"I am master of silences," said composer, speaker and percussionist Richard McCandless, accenting his words with a deep throb on one of the drums that surrounded him. In a new composition in which his percussion gives color and emphases to a text from Rimbaud's "Illuminations," he showed himself also a master of sounds--subtle, emphatic, expertly shaped and richly expressive. His blend of verbal and nonverbal communication was one of the highlights of a concert last night in the Universalist National Memorial Church on 16th Street NW.

It was the inaugural concert of Amaranth, a new chamber ensemble dedicated to contemporary music. There were four world premieres on the program, three composed by members of Amaranth. Besides McCandless and his wife, flutist and composer Jan Pompilo, the ensemble includes pianist and composer Jutta Eigen.

They were joined for this occassion by soprano Elizabeth Kirkpatrick and pianist Alan Mandel, who performed with Pompilo in the premiere of her Six Songs from "Alice in Wonderland" for soprano, flute and piano. This is wonderfully witty music, sometimes in a mock Victorian style, that captures exquisitely the zany spirit of Lewis Carroll's words. It should find its way into the repertoire for that special (and happily growing) breed of musician, the intelligent soprano.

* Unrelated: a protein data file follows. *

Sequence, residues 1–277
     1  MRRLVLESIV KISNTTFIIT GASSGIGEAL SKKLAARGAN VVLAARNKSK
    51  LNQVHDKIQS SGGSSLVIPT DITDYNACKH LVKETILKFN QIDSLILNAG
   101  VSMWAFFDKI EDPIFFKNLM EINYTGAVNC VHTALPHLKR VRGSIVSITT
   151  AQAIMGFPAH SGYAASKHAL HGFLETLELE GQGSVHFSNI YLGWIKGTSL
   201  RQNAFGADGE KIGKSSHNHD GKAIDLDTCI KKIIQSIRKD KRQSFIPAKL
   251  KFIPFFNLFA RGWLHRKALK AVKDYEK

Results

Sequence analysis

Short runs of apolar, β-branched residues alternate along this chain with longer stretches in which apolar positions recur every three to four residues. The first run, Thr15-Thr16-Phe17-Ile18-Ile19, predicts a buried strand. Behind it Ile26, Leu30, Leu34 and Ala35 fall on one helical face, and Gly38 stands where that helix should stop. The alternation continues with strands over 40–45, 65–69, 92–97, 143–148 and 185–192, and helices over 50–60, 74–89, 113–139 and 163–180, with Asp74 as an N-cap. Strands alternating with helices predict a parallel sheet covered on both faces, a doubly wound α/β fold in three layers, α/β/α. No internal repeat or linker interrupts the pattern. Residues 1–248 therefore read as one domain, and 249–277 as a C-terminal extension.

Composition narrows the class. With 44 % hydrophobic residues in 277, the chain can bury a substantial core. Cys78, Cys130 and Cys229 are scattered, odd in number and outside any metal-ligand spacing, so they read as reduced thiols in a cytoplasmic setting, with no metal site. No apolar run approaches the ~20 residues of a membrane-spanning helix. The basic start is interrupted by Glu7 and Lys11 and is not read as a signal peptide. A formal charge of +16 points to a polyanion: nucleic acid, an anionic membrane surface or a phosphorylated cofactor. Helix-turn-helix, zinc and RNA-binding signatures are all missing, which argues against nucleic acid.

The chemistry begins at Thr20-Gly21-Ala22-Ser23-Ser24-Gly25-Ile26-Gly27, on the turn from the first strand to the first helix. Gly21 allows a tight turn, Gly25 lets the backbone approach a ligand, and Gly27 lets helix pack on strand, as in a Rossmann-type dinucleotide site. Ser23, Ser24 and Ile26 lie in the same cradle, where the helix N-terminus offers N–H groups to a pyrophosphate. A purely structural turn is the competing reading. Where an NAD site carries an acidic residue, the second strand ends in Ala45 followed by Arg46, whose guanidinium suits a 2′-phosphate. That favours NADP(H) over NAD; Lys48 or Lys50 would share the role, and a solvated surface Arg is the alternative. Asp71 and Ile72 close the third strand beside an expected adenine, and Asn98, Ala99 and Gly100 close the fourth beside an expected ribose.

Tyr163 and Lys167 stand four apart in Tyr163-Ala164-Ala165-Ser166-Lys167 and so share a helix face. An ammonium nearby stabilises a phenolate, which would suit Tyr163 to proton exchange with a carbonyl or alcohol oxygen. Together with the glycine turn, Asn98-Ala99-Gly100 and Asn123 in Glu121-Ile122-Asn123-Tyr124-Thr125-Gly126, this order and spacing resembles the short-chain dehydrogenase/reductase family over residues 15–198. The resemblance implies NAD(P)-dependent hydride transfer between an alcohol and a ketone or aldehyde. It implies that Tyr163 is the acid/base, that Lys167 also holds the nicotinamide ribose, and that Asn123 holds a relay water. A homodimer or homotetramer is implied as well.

Eigen's contribution to the program was "Spuren" ("Vestiges") for flute and piano, a work of fine, sometimes brilliant lyricism, beautifully idiomatic for the two instruments and flavored with just enough modernity to add interest to its essentially romantic style.

Besides their own works, the members of Amaranth presented music of three other modern composers: "Density 21.5," the modern classic for unaccompanied flute by Edgard Vare se; "Phema (Omaggio a Joyce)" by Luciano Berio, an imaginative tape collage based on the speaking voice of the late Cathy Berberian; and the world premiere of "Apre sludes" by Lawrence Moss.

The Moss piece, in the approachable, lyric style that has become noticeable in recent works by this excellent composer, is a virtuoso exercise for flute and percussion, dedicated to Pompilo and McCandless, who performed it superbly. It is evocative, witty, powerful and delicate--particularly in its rich array of percussion textures. It concluded a most auspicious first concert for a new group that will certainly enrich the already active contemporary music scene in Washington.